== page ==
• The average two-year fixed rate Mortgage rate in the UK is 5.16%
  • The average five-year fixed rate Mortgage rate in the UK is 4.81%
  • The average two-year variable rate Mortgage rate in the UK is 4.5%
  • The average standard variable rate in the UK is 7.16%

This is to be noted that the above rates are the averages of different products of UK lenders and it is not to be indicative of the rate that you would be offered.

The rate you will be offered depends on your financial circumstances and the amount of deposit that you can put down.

The bigger the amount to be deposited the lower the loan to value allowing you to access better rates as lenders will find you as less risky.

What should I do if mortgage rates increase?

If you are stressed about the mortgage rate increase, then you can consider the following factors:

  • Fixing your mortgage:

This will keep your mortgage rate fixed till a certain period. If your present deal hasn’t ended, make sure you are conscious of any early repayment charges (ERCs).

  • Locking in a new rate:

If you are due for a new mortgage within the following 6 months, you can lock in a new rate now and can switch when your deal ends avoiding any early repayment charges.

If mortgage rates fall before ending your deal, then you can further switch to get a better option.


How can I know about the mortgage interest rates today?

Ans: Current Mortgage rates on 21 February 2024: The Bank of England base rate is: $.00% and the Standard Variable Mortgage rate is: 6.00%. to stay updated, you can search by Google. You will get updated mortgage rates daily.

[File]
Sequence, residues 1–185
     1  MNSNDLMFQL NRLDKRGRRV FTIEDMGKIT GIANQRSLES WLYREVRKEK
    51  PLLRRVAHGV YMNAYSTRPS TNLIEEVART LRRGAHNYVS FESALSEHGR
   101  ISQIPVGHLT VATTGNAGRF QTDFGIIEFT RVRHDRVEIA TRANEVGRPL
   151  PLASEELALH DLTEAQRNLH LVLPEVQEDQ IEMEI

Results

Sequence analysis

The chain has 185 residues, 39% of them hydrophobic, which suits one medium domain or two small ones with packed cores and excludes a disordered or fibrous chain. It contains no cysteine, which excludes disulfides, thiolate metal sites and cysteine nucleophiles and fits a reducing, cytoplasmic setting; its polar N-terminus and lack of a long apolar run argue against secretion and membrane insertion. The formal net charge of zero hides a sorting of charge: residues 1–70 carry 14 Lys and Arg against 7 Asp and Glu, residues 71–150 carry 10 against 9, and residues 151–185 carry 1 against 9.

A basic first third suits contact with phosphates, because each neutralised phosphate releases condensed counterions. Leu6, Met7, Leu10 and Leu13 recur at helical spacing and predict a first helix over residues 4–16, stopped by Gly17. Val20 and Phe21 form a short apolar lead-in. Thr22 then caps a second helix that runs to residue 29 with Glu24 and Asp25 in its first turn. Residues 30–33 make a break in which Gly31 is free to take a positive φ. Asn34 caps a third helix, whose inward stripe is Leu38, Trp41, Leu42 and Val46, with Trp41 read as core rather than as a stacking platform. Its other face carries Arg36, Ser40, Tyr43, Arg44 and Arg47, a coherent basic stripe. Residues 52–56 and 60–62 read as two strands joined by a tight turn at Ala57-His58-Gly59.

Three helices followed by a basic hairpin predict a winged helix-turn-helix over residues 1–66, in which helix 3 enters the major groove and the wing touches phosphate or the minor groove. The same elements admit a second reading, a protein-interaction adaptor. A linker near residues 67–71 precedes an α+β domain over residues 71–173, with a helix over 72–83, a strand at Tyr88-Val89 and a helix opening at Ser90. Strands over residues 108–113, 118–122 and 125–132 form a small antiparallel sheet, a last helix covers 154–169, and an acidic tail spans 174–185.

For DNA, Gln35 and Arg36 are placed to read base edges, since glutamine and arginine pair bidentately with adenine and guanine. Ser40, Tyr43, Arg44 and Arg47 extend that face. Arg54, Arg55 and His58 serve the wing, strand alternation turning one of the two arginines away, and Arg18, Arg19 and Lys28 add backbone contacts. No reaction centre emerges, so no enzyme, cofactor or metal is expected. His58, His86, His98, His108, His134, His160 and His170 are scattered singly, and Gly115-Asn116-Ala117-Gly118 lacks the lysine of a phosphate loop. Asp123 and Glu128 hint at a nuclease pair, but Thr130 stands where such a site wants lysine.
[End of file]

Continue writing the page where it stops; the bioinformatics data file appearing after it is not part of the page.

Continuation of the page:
What is the highest 30-year mortgage rate ever?

Ans: Mortgage rates in the United Kingdom averaged 5.61% from 1995 till 2024. It was raised at its peak of 8.87% in September 1998. It has a record falling low of 3.59% in November 2021.

What is a low 30-year mortgage rate?

Ans: In the United Kingdom, the Mortgage rates dropped to a low of 3.59 % in November 2021. During the last 30 years period it was the lowest fall. Because of the pandemic, 3.59% of the mortgage rate was below average for a 30-year mortgage.

What is the average mortgage interest for 2024?

Ans: According to experts, property valuation tends to decrease throughout 2024. So, it is expected that the mortgage rates also tend to decrease all through 2024. The average 2-year fixed rate mortgage rate in the UK is 5.14% (based on 75% LTV) and the 5-year fixed rate mortgage rate is 4.81% (based on 75% LTV) in the United Kingdom.


While you are taking out a mortgage, you are taking out a loan that you require to pay back. In addition to the borrowed amount, you need to repay the interest on the amount you borrowed.

The amount of interest is determined by the mortgage interest rates. The higher the interest rate, the more amount you need to monthly repay. So, it is better to try and have a deal on low interest rates.

But, you need to make sure the factor of any additional charges. Looking for a mortgage in the present climate likely seems daunting. So if required, you can take expert advice.